Niles City Council approves CDBG Action Plan amendments, discusses zoning

Published 1:52 pm Wednesday, February 14, 2024

Getting your Trinity Audio player ready...

NILES — The Niles City Council tackled several topics during its Monday meeting including the city’s Community Development Block Grant Annual Action Plan, area public transportation and discussing zoning ordinances.

Council members voted 4-1 to approve substantial amendments to the 2022-2026 Consolidated Plan and substantial amendments to the PY 2023 Community Development Block Grant Annual Action Plan. Changes to the consolidated plan include the addition of projects including

public facilities acquisition, rehab and construction projects and interim assistance projects such as neighborhood cleanups, street, sidewalk and utility repairs.

According to the council’s report, the City of Niles received $276,959 in CDBG funds for program year 2022 – Oct. 1, 2022 to Sept. 30, 2023 – and is now able to reallocate $216,514.10 in remaining, prior year funds as well as the remaining ~$48,500 in CDBG-CV funds, which will provide the City the opportunity to run its Code Enforcement Program as well as offer increased access to public services for youth, the homeless and impoverished. The CDBG Program in Niles offers increased opportunities to eliminate blight and facilities support to important projects, repairs and additions to local infrastructure.

Council member Michael Thompson voted no on the action plan. He said he’d rather see the CDBG funds set aside in the plan be used on general fund items that fit CDBG criteria in order to free up general fund dollars to improve sidewalks and roads. 

Huff said that there’s a limited amount of CDBG funds that can be used on such projects because funds have to be verified to be impacting moderate and low-income members of the community. He added that the dollars set aside for code enforcement helps offset city department costs and allows those departments to remain adequately staffed.

“It’s a little complicated because the zones where those dollars can be spent and the requirements to verify that those dollars are impacting low and moderate income become pretty complex,” Huff said. “We offset general fund expenses as much as you can within the parameters of the grant allows us. I don’t know that they would offset general fund expenses but they could be used for other purposes in that zone.”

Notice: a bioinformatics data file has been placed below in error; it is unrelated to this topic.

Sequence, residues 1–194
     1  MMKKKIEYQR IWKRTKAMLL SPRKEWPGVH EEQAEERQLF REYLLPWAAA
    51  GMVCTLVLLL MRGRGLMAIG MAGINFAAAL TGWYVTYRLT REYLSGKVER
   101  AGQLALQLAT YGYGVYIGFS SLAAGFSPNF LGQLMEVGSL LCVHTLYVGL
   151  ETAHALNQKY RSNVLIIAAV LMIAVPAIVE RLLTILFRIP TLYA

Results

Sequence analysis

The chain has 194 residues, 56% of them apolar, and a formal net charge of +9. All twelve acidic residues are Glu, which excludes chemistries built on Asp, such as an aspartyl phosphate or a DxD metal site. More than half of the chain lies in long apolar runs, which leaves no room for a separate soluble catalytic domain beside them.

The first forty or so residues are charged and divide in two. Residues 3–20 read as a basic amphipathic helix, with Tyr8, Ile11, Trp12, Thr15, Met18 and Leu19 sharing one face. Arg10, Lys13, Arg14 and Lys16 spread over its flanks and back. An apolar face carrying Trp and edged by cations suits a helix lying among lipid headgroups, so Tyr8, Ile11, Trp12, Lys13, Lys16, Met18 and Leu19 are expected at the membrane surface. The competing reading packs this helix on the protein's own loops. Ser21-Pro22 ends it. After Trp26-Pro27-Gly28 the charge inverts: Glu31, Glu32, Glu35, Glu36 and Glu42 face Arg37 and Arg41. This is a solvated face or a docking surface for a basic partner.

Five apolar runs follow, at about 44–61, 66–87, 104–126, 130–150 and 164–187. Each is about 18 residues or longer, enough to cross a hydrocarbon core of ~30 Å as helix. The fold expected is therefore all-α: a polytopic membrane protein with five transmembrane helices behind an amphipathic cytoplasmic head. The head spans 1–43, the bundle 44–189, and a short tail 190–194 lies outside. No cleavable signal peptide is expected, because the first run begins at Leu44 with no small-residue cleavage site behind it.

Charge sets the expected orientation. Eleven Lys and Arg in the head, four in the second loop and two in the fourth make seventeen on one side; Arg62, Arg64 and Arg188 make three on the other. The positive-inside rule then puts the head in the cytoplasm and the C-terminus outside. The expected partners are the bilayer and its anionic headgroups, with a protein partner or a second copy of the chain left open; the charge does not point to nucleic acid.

Council unanimously approved the local match of $7,732 to the Niles-Buchanan-Cass Area Transportation Study of the Southwest Michigan Planning Commission. The cost will be split between the the council’s Niles-Buchanan-Cass Area Transportation Study Dues Fund and the DART Dues and Subscriptions Fund. 

SMPC oversees the Niles-Buchanan-Cass Area Transportation Study, the Michigan portion of the South Bend, Indiana Urbanized Area as designated by the U.S. Census. Their two committees, the Technical Advisory Committee and the Policy Committee, work cooperatively to make transportation funding related decisions for the area. Both committees consist of local representatives, transit providers, citizen representatives, and elected officials from each of their nine NATS member jurisdictions. Membership in this study requires a local match to be made by each jurisdiction.

Council also approved:

  • The purchase of safety management services from JJ Keller & Associates, Inc. of Neenah, Wisconsin for two years at a cost of $3,229
  • A $4,600 proposal from Wightman for completing the mandated Biennial Bridge Safety Inspections on the city’s three bridges: Broadway Street over the St. Joseph River, Grant Street over Amtrak and Lake Street over Amtrak